This review contains spoilers for the film.

We live in a world of tragedy; it’s undeniable and yet we often turn our faces away, regardless. In his new film, “Last Flag Flying,” writer/director Richard Linklater looks familial and military tragedy plainly in the face without lamenting or glorifying.

Former Navy Corpsmen Larry “Doc” Shepherd (Steve Carell) seeks out two of his Vietnam war buddies, hoping that reviving their 30-year-old friendship will help him get through the experience of burying his son, 21-year-old Larry Jr., a Marine killed in action in the Middle East.

The movie is not anti-war, as you might expect it to be, but simply pro-human.

Mueller (Laurence Fishburne) and Sal (Bryan Cranston) each represent one side of a generational gap – Mueller a wise old reverend and Sal a crude, alcoholic barkeep who never “got it together” after Vietnam – the same gap represented by Doc and his son. Mueller and Sal are the constant angel and devil on Doc’s shoulder. Their contradictions play off of each other throughout the film, but are visibly displayed early in the movie when Sal urges Doc to open his son’s coffin and Mueller warns that he’ll only regret it.

There are moments when the dialogue is too overt and the shot is too still for the awkwardness to go unnoticed, but these weaker moments are easily forgivable when followed by nuanced and subtle scenes so undeniably Linklater-esque. It’s pure human connection revealed in these layered scenes, thanks to the powerful performances from all three leading men and spectacular direction from Linklater. 

Intense moments such as Doc opening his son’s coffin are told matter of factly. Placed in the background, he shakes and sobs as he looks at his faceless son, while Sal and Mueller joke about war wounds in the foreground – “Baghdad boil,” says Washington (J. Quinton Johnson), the young Marine tasked with putting Larry’s body to rest, in reference to the insect bite on his ear.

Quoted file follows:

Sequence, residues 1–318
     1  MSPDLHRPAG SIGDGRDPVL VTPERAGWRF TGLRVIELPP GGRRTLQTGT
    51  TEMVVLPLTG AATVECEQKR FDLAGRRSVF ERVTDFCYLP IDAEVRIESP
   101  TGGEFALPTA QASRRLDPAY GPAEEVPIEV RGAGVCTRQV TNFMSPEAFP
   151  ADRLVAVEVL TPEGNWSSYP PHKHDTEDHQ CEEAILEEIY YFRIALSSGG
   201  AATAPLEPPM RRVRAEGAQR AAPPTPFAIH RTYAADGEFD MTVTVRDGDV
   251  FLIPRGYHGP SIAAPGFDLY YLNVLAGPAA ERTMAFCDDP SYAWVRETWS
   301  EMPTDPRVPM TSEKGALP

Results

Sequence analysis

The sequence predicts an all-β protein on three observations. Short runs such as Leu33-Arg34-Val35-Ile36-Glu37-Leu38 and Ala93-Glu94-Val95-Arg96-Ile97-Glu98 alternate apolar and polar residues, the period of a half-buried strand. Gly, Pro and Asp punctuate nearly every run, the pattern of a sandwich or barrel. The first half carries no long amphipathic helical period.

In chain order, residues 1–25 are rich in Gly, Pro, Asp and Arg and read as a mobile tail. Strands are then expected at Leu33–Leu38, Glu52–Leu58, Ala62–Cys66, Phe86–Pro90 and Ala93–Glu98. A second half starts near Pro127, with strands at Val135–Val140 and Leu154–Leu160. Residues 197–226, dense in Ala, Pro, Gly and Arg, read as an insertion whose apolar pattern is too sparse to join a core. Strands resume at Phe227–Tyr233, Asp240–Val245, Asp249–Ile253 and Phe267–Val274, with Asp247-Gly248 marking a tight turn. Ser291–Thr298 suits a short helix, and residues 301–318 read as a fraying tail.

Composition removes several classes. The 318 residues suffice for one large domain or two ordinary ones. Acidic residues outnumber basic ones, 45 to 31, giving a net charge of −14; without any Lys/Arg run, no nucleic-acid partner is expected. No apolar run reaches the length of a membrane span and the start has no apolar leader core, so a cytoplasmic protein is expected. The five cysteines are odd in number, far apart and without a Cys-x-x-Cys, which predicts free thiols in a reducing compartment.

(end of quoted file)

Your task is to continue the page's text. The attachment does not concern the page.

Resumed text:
But, after the line between the generations has been successfully blurred by the restoration of the men’s youthful friendship – evident as all three men giggle as they use cellphones for the first time – Mueller and Sal nod solemnly in agreement: Doc needs to open a letter left behind by his son. Any differences between the men, the coarse boyishness of Sal and the philosophical nature of Mueller, are paled by their love for Doc, and his love for his son.

It’s absurd that we should bury this twenty-one year old man. It’s absurd, perhaps, that we should even call him a hero; in the end, his death is perhaps as inconsequential as a Baghdad boil. It’s absurd that we should be so sad, because before us are three middle aged veterans who, at heart, are the same as this lost young man.

Presenting these as facts in a simple, gray New England setting, Linklater makes us sob anyway, reminding us that even when a loss seems like it may not matter, there is always the love. The love we have for each other does matter and will never fade; prison, poverty, death, alcoholism and a thirty year separation cannot tear it down.

Written by Shelby Loebker.